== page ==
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Headshot - Scott Jones - Head, Canadian Centre for Cyber Security

Scott Jones

Head, Canadian Centre for Cyber Security

One year ago, a global pandemic thrust Canadians into a situation we never expected to face. Our personal and professional lives were forced to transition quickly to a more digital landscape — everything from work to leisure and homeschooling to grocery shopping. As our devices became even more important, cyber criminals took note.


The Canadian Centre for Cyber Security (Cyber Centre)’s National Cyber Threat Assessment 2020 report showed that as Canadians adopted new technology and embraced more internet connected devices, cybercrime remained the cyber threat most likely to affect Canadians and Canadian organizations in 2021, and in the years ahead.

While you might think cyber threats only target large organizations or governments, this couldn’t be further from the truth. Small- and medium-sized businesses (SMBs) are most likely to face cyber threat activity in the form of cybercrime that often has immediate financial or privacy implications.

And we see SMBs being targeted every day. Cyber criminals can shift their tactics quickly to take advantage of themes of the day. They use cheap yet sophisticated cyber tools to steal information, including ransomware and phishing scams. Cyber threat actors target Canadian businesses for their data about customers, partners and suppliers, financial information and payment systems, and proprietary information. Cyber security incidents can also result in reputational damage, productivity loss, intellectual property theft, operational disruptions, and recovery expenses.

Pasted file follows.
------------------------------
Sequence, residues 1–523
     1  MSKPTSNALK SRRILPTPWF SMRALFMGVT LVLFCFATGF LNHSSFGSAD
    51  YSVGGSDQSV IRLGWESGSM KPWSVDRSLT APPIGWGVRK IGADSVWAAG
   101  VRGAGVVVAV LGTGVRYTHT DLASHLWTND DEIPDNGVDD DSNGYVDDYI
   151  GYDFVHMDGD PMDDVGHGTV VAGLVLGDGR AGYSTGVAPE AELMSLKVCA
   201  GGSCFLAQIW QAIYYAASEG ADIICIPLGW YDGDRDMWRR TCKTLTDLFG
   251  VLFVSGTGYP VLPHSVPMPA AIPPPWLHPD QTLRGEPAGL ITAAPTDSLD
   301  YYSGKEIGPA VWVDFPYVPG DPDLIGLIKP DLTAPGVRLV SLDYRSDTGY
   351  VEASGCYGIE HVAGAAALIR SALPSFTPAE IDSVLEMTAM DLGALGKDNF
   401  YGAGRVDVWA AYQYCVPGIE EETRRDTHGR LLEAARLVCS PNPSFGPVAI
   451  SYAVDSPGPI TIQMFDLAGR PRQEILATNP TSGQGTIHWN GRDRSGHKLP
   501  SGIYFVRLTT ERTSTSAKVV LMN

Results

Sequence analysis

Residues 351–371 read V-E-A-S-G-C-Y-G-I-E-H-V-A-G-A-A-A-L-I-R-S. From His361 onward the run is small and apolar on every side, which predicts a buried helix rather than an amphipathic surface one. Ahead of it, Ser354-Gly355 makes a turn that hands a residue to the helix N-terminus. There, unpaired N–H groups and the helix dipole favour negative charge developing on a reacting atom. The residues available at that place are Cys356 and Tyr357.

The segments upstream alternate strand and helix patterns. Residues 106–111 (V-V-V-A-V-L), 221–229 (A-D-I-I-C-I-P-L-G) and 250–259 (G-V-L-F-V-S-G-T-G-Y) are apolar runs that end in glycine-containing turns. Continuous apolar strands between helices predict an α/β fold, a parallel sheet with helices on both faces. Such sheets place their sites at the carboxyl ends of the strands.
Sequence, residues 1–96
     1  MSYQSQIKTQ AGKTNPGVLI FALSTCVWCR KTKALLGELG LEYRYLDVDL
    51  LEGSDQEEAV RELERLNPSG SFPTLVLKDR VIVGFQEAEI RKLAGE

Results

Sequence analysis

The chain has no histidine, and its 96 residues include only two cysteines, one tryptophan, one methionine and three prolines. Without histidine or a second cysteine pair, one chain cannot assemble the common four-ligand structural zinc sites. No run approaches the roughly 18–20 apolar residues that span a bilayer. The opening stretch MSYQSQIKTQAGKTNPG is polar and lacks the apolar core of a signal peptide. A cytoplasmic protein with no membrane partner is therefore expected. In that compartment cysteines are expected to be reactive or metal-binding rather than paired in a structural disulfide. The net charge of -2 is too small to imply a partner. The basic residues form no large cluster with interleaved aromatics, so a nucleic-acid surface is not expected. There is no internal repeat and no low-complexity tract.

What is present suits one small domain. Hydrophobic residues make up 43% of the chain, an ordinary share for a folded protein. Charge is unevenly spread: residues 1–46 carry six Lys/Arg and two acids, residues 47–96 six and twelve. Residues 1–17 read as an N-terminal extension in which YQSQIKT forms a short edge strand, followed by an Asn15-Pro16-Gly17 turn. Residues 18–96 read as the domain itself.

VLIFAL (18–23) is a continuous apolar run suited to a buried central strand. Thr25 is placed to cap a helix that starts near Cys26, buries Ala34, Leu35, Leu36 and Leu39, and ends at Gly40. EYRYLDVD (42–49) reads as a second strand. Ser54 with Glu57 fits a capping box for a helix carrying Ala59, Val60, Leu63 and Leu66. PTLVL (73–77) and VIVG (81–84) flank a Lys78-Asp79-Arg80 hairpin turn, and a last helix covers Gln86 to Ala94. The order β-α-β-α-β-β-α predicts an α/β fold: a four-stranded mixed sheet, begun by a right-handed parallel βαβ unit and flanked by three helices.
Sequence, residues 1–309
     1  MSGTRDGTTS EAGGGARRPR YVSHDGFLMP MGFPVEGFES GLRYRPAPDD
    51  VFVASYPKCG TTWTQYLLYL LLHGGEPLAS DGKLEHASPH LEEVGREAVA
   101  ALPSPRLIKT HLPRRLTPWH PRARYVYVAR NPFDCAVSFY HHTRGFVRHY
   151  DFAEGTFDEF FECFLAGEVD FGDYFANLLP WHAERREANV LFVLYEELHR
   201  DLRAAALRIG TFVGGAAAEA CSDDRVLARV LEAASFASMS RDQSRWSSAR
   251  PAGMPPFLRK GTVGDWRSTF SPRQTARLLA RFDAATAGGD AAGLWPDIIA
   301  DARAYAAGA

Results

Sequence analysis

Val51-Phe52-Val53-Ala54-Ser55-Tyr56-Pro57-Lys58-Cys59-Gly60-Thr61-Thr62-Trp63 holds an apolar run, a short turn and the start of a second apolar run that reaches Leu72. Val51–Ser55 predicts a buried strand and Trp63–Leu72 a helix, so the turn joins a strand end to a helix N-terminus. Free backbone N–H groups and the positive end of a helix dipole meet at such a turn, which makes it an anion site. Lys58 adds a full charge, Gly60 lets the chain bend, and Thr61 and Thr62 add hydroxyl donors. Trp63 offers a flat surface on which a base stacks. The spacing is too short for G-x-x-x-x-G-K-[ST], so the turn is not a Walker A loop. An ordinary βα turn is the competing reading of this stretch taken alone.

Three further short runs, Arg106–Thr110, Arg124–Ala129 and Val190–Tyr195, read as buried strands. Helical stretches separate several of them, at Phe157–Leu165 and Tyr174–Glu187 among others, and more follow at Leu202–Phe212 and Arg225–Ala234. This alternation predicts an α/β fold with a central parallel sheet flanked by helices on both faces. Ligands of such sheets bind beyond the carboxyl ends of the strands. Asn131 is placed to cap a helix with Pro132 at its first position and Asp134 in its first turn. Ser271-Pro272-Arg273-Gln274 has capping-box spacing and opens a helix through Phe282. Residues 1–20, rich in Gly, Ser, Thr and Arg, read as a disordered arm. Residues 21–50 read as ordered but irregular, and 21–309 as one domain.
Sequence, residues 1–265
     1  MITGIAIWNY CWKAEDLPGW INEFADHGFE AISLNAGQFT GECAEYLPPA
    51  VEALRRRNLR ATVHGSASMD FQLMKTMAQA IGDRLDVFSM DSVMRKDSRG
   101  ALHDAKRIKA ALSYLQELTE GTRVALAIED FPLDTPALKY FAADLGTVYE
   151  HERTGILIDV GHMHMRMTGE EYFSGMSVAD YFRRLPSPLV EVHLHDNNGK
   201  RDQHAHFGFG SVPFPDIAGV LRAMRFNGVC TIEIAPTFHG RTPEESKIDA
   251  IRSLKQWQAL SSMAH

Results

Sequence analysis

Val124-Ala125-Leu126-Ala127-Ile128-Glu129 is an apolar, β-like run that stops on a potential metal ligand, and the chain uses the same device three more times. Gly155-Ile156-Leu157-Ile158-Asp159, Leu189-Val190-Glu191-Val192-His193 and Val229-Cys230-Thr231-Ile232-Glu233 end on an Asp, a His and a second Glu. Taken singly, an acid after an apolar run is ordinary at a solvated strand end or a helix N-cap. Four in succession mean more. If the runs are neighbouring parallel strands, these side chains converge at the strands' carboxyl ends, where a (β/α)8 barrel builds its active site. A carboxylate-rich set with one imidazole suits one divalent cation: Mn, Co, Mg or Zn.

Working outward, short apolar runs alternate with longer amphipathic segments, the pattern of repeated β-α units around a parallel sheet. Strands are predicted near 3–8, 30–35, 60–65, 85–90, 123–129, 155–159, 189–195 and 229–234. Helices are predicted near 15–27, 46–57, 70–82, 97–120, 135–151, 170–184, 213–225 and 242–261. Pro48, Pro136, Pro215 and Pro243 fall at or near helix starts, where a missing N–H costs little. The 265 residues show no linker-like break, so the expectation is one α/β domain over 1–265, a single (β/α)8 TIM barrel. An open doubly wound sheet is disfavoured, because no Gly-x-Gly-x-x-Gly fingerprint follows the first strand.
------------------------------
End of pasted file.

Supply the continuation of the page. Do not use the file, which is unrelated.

The good news? There are simple, cost effective steps you can take to help protect your information. Following basic cyber security hygiene measures like software and device updates, and enabling two-factor or multi-factor authentication, are your first lines of defence against cyber criminals. Additionally, the Cyber Centre’s Baseline Cyber Security Controls for Small and Medium Organizations offers advice tailored specifically for businesses, while keeping in mind budgetary and resource limitations.

The Cyber Centre also recommends using a protected DNS service that blocks malicious websites. Canadian businesses can take advantage of the Canadian Internet Registration Authority’s cost-effective DNS Firewall for Small Business or Enterprise, which uses threat intelligence provided by the Cyber Centre, as part of its broader effort and mandate to protect all Canadians online.

Some of these steps might seem tedious, but they are often overlooked layers of security that can make the difference between an attempted cyber attack and a successful one. Good cyber hygiene and business continuity best practices, as they relate to cyber security, help to manage cyber risks for many of today’s most prevalent threats. It’s also best to limit administrative privileges, and segment and separate your organization’s data.

The Cyber Centre offers multiple resources for any Canadian, regardless of your level of cyber proficiency. From general advice and guidance on its website to in-class learning through its Learning Hub, it also has a public Contact Centre to help answer your questions.

The Cyber Centre is here to help protect Canadians from cyber threats. Following simple cyber security hygiene tips can help everyone stay more cyber safe and be on top of their cyber security.

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